From the very first days of Queen Alexandra's Imperial Nursing Service in 1902, an advisory Nursing Board met each month to deal with the organisational and administrative matters which were the foundations of the Service. The Nursing Board was composed of senior members of the army medical and nursing services, together with civil hospital Matrons and other persons with a wide knowledge of hospital administration and Government. The composition of the Board changed over the years, sometimes due to ill-health or other pressing committments, sometimes because of disagreements over policy.  Although meetings of the Board intially carried on following the outbreak of war, they were suspended for a period of two and a half years between January 1915 and September 1917 and it's unclear how decisions were taken during that time.

      The Board resumed regular meetings in the autumn of 1917 and minutes of the meetings survive for the remainder of the war and beyond.  Below are two items taken from the minutes, later published in bound volumes, a few of which survive both at the Army Medical Services Museum and in a collection privately held. One outlines recruitment during the early months of war, and the other is a summary of the nursing services in France and Flanders and the movements of the hospitals during the first five months of war, written by the Matron-in-Chief Maud McCarthy.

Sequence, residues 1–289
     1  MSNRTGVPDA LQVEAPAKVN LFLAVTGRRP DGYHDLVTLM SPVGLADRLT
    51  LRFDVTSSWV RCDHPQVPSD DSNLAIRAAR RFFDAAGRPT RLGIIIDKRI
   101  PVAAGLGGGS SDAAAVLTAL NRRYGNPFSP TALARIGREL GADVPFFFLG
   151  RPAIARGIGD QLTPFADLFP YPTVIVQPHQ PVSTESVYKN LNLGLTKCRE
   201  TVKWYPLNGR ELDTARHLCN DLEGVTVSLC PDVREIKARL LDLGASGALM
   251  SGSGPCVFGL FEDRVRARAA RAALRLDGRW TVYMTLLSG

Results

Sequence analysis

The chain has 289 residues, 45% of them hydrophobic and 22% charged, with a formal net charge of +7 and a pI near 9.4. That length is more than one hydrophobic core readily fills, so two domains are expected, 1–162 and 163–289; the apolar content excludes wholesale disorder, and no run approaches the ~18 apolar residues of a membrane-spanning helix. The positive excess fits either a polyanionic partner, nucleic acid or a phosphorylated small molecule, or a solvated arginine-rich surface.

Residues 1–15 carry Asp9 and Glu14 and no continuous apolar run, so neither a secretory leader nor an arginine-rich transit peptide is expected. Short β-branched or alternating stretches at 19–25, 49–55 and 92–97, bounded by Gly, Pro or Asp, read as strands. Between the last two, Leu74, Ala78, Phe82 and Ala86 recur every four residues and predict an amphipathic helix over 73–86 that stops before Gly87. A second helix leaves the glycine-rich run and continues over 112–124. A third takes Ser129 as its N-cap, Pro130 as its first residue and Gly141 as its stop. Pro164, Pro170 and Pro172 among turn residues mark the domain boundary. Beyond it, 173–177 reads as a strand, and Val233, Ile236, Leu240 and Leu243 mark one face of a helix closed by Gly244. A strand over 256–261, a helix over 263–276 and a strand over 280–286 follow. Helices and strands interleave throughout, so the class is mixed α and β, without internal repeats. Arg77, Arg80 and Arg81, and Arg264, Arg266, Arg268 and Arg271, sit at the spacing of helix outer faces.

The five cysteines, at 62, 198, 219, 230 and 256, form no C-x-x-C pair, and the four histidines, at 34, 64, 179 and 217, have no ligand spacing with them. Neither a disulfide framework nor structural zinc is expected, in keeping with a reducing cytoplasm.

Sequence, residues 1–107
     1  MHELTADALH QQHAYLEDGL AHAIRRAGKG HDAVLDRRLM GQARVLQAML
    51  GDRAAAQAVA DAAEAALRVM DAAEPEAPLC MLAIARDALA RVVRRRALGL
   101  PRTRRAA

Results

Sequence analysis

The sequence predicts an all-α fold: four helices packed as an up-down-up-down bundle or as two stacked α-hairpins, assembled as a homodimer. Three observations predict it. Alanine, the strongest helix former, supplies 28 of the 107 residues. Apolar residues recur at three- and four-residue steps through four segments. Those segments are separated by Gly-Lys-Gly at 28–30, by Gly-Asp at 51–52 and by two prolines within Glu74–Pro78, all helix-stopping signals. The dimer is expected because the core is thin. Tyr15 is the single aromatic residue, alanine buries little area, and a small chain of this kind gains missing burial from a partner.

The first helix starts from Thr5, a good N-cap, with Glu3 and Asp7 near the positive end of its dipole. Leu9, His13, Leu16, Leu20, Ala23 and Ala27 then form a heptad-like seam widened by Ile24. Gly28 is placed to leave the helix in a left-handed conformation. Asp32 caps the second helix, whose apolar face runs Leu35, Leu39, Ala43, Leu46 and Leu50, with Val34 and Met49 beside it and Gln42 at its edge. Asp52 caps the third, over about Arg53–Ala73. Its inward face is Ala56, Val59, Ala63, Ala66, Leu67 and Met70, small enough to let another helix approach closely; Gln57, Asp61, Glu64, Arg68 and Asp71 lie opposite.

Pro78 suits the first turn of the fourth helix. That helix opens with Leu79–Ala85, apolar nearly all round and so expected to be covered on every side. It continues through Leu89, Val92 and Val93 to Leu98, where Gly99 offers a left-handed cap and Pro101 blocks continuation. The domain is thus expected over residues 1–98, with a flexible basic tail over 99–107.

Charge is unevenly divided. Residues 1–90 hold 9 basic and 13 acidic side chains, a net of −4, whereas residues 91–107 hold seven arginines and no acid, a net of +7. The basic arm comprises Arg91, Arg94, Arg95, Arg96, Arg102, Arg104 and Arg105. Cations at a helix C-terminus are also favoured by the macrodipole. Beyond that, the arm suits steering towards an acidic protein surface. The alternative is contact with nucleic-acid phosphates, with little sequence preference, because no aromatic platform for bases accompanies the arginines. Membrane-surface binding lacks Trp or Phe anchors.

No.3 Southern General Hospital (T.F.) Oxford  (IWM Q30280)

     Since the commencement of the war the Selecting Sub-Committee has met 17 times. At these meetings 1,351 applications from nurses have been considered. All nurses resident in or near London have been interviewed at the meetings.
Accepted 570
Rejected 707